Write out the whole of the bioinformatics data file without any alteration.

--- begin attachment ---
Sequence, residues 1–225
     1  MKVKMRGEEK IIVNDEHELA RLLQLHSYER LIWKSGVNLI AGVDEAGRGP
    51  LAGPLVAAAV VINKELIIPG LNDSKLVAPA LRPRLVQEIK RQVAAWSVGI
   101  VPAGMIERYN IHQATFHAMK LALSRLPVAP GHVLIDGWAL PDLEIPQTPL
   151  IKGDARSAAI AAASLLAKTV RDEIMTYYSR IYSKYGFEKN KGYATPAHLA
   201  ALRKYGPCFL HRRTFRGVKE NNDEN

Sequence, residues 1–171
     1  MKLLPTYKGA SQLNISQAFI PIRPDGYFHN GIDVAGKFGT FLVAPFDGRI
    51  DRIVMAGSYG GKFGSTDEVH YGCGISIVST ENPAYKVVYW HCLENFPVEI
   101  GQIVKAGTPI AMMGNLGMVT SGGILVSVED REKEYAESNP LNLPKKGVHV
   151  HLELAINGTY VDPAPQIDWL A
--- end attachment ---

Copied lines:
Sequence, residues 1–225
     1  MKVKMRGEEK IIVNDEHELA RLLQLHSYER LIWKSGVNLI AGVDEAGRGP
    51  LAGPLVAAAV VINKELIIPG LNDSKLVAPA LRPRLVQEIK RQVAAWSVGI
   101  VPAGMIERYN IHQATFHAMK LALSRLPVAP GHVLIDGWAL PDLEIPQTPL
   151  IKGDARSAAI AAASLLAKTV RDEIMTYYSR IYSKYGFEKN KGYATPAHLA
   201  ALRKYGPCFL HRRTFRGVKE NNDEN

Sequence, residues 1–171
     1  MKLLPTYKGA SQLNISQAFI PIRPDGYFHN GIDVAGKFGT FLVAPFDGRI
    51  DRIVMAGSYG GKFGSTDEVH YGCGISIVST ENPAYKVVYW HCLENFPVEI
   101  GQIVKAGTPI AMMGNLGMVT SGGILVSVED REKEYAESNP LNLPKKGVHV
   151  HLELAINGTY VDPAPQIDWL A